The Preacher has “seen an evil under the sun”, of which he says that it is “like an error” (Ecclesiastes 10:5). This error goes forth from a ruler who is a fool. This foolish ruler shows his foolishness in two ways (Ecclesiastes 10:6):
1. He promotes a person who has never achieved anything and gives him a leading position in his government.
2. He degrades people who generally are respectable, and he gives them a low position.
We often see these kind of errors in government circles. Important posts in the government are given to family members and friends who have no idea about how to rule.
In society we see that generally respected scholars proclaim the greatest follies, for example the foolish evolution theory, and are therefore set in exalted places. People in exalted places are people with influence, but they lack spiritual sources to take up their position with dignity. Rich men are people with material sources, but because of the foolish ruler they are not given the opportunity to make good use of it. Foolish men bring no order, but cause disorder. They turn all things upside down. The picture of “slaves [riding] on horses and princes walking like slaves on the land”, enlivens the teaching of the Preacher (Ecclesiastes 10:7; Proverbs 30:22; 2 Samuel 15:1; 2 Samuel 15:16-Esther :).
The Lord Jesus, the Prince, was walking on the land as Slave. He will soon come back on a white horse and will execute judgment upon all unrighteousness (Revelation 19:11).
Operate With Wisdom
The Ecclesiastes 10:8-1 Samuel : contain the warning for a wrong reaction to the follies of the ruler that we saw in the previous verses. A general application can be made with regard to all kinds of matters or persons who we do not like. Then plans can come up to eliminate those matters or persons. In the direct context it is about overthrowing a foolish prince.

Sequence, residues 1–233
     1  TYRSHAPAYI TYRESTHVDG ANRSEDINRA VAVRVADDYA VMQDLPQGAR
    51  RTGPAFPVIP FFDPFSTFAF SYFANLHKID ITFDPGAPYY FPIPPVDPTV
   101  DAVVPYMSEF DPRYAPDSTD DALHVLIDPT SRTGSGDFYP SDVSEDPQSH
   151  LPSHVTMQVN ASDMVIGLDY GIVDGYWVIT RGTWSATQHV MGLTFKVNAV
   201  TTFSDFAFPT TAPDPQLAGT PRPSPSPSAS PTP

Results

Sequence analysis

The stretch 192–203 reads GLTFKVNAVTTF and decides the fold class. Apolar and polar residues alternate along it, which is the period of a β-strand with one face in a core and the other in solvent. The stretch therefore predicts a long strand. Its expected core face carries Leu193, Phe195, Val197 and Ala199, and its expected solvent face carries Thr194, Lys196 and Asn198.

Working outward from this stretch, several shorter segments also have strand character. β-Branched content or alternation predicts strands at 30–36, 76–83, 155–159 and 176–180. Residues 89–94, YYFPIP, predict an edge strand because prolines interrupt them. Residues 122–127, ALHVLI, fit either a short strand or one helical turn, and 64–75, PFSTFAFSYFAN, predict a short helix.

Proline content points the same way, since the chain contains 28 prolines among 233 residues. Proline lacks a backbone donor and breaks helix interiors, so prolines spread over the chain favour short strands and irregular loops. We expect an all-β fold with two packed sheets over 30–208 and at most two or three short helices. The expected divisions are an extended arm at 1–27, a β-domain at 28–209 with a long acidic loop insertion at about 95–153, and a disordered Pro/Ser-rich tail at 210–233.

The Preacher mentions four possibilities, to which he directly connects the consequence for the inventor of the coup. The evil we do will come upon ourselves like a boomerang:
1. We dig a pit and fall into it ourselves (Ecclesiastes 10:8).
2. We break through a wall and do not consider the serpent hidden in it, which we wake-up and it gets angry so it bites us (Ecclesiastes 10:8).
3. We quarry stones and get hurt, because other stones fall on us (Ecclesiastes 10:9).
4. We split logs and we do not consider the danger of circling splinters around us (Ecclesiastes 10:9).
It happens all too often that we trip over our own legs.
The four examples have in common that they destroy something: the ground to walk on, the wall that should protect, stones that form a building, wood that grows. We can draw the following lessons from these situations:
1. He who digs a pit to catch the foolish ruler, will fall into it himself. The trick that he invents to capture the ruler, will turn out that he will be captured himself and carried away.
2. The wall is to be considered a picture of the guards that surround the ruler as a protection. He who wants to break through it, will be bitten by a serpent, meaning that it will cost his life.
3. Quarrying stones from the house of a ruler happen for example when people try to find associates for the coup, among the supporters of the foolish ruler. It will not succeed, but it will turn out to suffering.
4. The splitting of logs gives the picture of sowing division between the supporters of the ruler. He who wants to cause division to cause the fall of the ruler, will fall himself by the result of it.
Living in a world fallen into sin involves dangers. Therefore we need to estimate the risks of a certain action carefully, especially in our dealings with a foolish ruler or government. We should watch out, should not take too many risks and also work carefully with good material. The use of a dull axe (Ecclesiastes 10:10) takes a lot of energy, while the desired result is delayed and may possibly never be acquired.